9/11 was the day I picked my call back up again, after 20 years of denying it. We were supposed to be in a Ladies Bible Study -- instead we ended up in prayer in the sanctuary -- and I lead the prayers. And somehow I knew what I was supposed to be doing -- and what I had been called to do.

Songbird said...

I was just 2 and 1/2, but I remember watching the funeral procession on a little black-and-white TV. Over the years my mom often told the story of hearing the news.
But my marker event is really the Challenger explosion. I was 24, quite pregnant with #1 Son. I was at work at the undergrad library at U.Va. and the guy who managed all the A-V equipment set up a TV in the workroom where we all watched the explosion over and over again. It was the first time I remember video looping on TV to that extent. Now we see that all the time. So weird.

Friday Mom said...

I wasn't yet born when this happened. AM remembers it vividly, with a story similar to yours. For me, four events stand out:

Challenger Explosion....I was in college, walking through the student union and stopped to watch the launch on the big screen TV. I remember being so sad and angry that something like that could happen.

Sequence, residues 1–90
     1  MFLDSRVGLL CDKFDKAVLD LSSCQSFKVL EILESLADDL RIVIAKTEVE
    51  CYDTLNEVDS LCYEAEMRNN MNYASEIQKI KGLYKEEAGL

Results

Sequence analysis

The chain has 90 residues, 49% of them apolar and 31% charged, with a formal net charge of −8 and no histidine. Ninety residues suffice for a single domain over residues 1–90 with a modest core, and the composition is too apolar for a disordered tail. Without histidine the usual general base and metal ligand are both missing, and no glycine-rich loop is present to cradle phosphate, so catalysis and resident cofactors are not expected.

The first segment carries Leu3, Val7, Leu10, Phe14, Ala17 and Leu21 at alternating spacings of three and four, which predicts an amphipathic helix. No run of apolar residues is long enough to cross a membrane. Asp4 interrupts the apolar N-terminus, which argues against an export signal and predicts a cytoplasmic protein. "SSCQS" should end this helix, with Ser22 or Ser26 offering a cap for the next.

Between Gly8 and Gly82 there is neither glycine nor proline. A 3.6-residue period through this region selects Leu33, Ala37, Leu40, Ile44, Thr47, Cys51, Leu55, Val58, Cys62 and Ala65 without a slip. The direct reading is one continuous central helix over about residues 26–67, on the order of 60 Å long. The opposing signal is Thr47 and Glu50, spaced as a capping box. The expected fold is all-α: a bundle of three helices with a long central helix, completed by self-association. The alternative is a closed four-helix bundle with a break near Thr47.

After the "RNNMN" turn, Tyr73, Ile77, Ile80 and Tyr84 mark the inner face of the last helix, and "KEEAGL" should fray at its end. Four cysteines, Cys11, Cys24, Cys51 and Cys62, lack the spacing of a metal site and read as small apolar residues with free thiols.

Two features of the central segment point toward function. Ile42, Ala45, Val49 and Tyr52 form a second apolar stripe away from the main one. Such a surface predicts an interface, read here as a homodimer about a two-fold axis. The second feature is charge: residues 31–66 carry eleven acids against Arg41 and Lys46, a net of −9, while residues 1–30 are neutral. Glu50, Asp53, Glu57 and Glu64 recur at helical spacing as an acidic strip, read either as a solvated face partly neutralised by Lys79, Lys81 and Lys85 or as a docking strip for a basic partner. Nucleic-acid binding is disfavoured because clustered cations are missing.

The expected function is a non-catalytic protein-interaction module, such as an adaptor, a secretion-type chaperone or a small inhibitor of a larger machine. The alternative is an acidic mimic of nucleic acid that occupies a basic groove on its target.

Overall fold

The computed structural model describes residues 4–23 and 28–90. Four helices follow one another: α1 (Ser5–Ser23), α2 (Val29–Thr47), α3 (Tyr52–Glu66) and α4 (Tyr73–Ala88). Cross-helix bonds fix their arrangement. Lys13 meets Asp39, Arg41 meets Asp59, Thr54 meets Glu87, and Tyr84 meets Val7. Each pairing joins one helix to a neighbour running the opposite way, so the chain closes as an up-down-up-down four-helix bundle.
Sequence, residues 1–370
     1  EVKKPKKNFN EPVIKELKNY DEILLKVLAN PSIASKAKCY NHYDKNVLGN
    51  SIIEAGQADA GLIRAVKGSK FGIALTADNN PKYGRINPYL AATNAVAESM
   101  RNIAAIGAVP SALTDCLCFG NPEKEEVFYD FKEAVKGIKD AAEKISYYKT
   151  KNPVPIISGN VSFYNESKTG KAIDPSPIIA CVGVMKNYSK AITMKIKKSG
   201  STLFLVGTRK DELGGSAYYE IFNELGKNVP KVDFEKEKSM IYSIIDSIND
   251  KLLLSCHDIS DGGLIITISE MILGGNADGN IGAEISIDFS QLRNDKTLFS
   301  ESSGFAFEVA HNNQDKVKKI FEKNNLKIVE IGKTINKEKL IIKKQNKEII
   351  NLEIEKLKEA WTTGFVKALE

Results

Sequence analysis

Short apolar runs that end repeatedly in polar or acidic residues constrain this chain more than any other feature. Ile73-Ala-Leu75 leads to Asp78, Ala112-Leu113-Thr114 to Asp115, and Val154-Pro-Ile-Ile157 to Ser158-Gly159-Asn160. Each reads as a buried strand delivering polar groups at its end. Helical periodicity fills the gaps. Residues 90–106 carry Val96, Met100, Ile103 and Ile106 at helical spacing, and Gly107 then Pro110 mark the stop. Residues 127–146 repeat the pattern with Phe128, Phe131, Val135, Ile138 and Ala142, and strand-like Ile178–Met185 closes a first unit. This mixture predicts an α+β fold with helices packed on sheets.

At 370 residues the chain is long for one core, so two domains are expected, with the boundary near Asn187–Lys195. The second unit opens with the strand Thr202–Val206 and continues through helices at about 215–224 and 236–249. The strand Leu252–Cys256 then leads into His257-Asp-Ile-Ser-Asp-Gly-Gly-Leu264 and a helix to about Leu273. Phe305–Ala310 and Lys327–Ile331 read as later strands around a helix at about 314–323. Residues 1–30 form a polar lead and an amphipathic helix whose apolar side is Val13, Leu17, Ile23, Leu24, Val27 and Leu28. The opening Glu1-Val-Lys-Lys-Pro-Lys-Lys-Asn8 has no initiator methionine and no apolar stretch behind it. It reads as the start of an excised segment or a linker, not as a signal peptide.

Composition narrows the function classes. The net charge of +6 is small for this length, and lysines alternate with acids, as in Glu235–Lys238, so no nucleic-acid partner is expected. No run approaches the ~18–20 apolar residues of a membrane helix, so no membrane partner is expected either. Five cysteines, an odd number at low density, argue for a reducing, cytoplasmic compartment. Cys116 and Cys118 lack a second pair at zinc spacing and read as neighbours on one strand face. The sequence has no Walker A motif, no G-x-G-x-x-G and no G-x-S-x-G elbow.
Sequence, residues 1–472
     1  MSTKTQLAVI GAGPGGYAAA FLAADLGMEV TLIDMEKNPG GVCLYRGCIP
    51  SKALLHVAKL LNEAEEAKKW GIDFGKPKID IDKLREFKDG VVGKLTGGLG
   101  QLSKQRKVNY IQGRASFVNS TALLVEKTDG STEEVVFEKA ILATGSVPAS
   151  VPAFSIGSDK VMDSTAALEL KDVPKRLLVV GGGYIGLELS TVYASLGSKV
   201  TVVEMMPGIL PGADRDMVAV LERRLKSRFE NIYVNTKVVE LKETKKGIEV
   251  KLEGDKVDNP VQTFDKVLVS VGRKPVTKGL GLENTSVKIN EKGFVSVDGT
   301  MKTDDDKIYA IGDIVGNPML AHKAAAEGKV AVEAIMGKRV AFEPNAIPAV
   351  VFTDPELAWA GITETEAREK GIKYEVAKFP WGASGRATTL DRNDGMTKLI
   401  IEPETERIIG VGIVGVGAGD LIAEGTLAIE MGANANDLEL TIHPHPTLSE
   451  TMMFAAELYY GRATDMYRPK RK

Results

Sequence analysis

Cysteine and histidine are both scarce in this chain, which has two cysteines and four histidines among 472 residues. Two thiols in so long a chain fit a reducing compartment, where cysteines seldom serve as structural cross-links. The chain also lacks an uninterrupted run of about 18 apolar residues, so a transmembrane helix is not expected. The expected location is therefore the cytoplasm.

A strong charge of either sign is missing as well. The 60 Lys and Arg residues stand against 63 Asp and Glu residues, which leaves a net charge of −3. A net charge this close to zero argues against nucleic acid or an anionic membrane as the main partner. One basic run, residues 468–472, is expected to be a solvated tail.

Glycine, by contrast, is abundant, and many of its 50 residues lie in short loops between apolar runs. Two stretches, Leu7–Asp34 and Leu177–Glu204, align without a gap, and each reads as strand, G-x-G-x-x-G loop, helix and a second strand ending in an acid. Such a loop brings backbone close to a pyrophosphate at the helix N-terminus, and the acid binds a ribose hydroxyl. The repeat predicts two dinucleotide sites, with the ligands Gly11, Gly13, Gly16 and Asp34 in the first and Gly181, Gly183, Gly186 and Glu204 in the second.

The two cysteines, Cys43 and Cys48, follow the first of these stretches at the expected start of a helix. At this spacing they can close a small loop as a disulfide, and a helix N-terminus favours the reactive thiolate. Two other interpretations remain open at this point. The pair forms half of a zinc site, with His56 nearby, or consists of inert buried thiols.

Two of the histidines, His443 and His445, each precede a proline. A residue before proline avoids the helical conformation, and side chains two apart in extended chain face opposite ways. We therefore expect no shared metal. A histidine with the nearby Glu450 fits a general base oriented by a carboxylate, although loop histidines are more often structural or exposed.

Tiananmen Square Massacre- I left Korea and stopped in Hong Kong the day after it happened. It was the first time in my life I actually participated in an event of such historical magnitude. It was the first time I experienced the grief of a nation and the first time I had a deep sense of the sacrifices people make for the sake of change for the better in this world.

Falling of the Berlin Wall - I went to visit my parents the day it came down. I had been in Germany just months before and had no idea I was seeing a the last of an era. What this event did for me, I think, is convince me that what I assumed would always be in this world could be changed.

9/11 - The fear and sadness, as well as the shame from seeing the eventual response of our nation to the event will be with me for the rest of my life.

And, just want you to know I'm praying for a blessed Thanksgiving for the Casseroles and all they love!